You have skipped the navigation, tab for page content

Why the Bulldogs are back: Ryan

Bulldogs captain Andrew Ryan blames the club’s failure to adapt to the changing face of the NRL for their rapid fall from grace in recent seasons – a plunge only halted this year by their impressive off-season spending spree.

While the Sydney Roosters struggle in last place despite boasting four members of the Bulldogs’ impressive 2004 premiership side, Ryan’s men find themselves nestled once more at the top of the tree and ready to make a run at a ninth title.

Ryan stopped short of pointing to the Roosters’ current woes but said evolution of the NRL had reduced the impact of no-fuss forwards such as Willie Mason, Mark O’Meley and South Sydney prop Roy Asotasi.

“It was a very different game back then – you can’t even compare them,” Ryan said in the wake of his side’s impressive 44-22 disposal of Brisbane last Friday night.

“In that game in 2004 we had Mason, O’Meley and Asotasi – guys that would plough through the middle – whereas these days you need to be more skills-based.

“You look at the squad we’ve got this year, we’ve got Michael Ennis who has made a massive difference the dummy-half area plus in the halves we’ve brought in Brett Kimmorley.

“So I think we’re a fair bit different to that 2004 squad.

“But it’s also the depth we’ve got this season as opposed to 12 months ago.”

The Bulldogs have undergone a rapid transformation in recent seasons, having seen Sonny Bill Williams and Mason walk out while Reni Maitua was sacked for repeated disciplinary offences.

In fact, only three players – Ryan, Patten and El Masri – remain from that 2004 grand final side with a total of 11 players departing following last year’s wooden spoon finish.

The club responded by spending big in the off-season with Ennis and Kimmorley joined by Ben Hannant, David Stagg, Greg Eastwood, Michael Hodgson, Josh Morris, Bryson Goodwin and Yileen Gordon.

“It’s a very different feeling around the place – a lot of changes have gone on,” Ryan said.

“I don’t want to reflect too much on the past but we didn’t have the players or the depth, plus key players were out.

“This year we’ve got that depth and there is a good mood in general around the place.”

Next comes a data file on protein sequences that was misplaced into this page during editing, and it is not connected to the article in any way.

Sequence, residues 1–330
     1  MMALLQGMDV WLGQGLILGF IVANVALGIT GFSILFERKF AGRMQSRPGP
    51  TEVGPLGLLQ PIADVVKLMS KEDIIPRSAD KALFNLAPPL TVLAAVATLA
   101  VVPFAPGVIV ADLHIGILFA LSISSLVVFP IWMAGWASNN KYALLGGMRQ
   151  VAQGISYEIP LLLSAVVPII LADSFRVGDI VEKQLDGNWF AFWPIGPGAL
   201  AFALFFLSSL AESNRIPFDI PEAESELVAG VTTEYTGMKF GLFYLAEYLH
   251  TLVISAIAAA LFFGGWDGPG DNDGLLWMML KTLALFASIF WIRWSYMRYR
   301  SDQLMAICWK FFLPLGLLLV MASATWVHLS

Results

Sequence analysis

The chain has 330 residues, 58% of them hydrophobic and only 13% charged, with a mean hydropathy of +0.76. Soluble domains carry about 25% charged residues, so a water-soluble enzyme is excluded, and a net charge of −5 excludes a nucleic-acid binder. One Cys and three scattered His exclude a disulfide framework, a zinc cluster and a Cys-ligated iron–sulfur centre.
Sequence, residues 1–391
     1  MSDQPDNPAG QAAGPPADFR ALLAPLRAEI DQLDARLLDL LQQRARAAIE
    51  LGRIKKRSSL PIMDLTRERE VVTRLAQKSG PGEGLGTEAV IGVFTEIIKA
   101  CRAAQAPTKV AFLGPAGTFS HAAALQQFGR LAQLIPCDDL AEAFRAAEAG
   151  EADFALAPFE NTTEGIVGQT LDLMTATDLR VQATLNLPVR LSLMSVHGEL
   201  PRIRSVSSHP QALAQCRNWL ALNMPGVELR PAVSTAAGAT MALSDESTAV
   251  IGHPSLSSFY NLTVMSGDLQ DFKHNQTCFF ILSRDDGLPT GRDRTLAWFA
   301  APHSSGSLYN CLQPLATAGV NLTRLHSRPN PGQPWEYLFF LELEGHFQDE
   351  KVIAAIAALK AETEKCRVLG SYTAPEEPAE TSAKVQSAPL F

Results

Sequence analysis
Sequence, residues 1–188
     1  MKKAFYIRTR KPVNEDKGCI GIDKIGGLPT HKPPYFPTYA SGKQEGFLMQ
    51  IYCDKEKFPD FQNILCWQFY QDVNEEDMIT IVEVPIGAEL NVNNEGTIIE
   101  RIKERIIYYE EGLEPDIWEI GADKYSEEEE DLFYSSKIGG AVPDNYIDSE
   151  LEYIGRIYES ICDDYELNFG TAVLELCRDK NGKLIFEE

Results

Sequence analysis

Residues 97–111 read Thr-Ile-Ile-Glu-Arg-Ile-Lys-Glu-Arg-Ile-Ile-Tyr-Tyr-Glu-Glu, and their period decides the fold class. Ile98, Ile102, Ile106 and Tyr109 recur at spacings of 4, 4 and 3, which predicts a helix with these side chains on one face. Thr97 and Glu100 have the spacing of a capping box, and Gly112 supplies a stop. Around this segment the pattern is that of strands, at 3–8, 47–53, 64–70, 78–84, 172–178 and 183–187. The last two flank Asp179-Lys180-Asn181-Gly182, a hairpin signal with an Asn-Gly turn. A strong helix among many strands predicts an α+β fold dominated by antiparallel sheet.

Tellingly, the Bulldogs’ biggest loss of the season – and there have only been three – was by just eight points against Newcastle in Round 12.

But Ryan refused to read too much into his side’s disposal of fellow heavyweights Brisbane on Friday, admitting that coach Kevin Moore had mentioned the Broncos’ interrupted week – when the entire squad was placed in quarantine due to swine flu fears – during his half-time address (and with the Bulldogs trailing 18-16).

“It had been a pretty draining week for them and they weren’t fully on their game,” Ryan said.

“It wasn’t something that was spoken about during the week, but more at half-time with the way the game was going.

“We thought if we could clean up some of our defence that we were creating enough opportunities to score.

“We thought that if we could keep turning them around they would probably fade and we would score some late tries… that’s what happened.”

Ryan said that he was particularly impressed by the Bulldogs’ ability to shake off disappointment yet again this season after they shot to an early 10-0 lead against Brisbane only to trail at the break.

“It’s certainly something that has been pretty good for us in most games this year,” he said.

“We’ve had plenty of disappointment at times and there are some games that could have gone either way but we’ve never panicked.

“It’s a good sign that we can still do that.”          
Acknowledgement of Country

National Rugby League respects and honours the Traditional Custodians of the land and pay our respects to their Elders past, present and future. We acknowledge the stories, traditions and living cultures of Aboriginal and Torres Strait Islander peoples on the lands we meet, gather and play on.

Premier Partner

Media Partners

Major Partners

View All Partners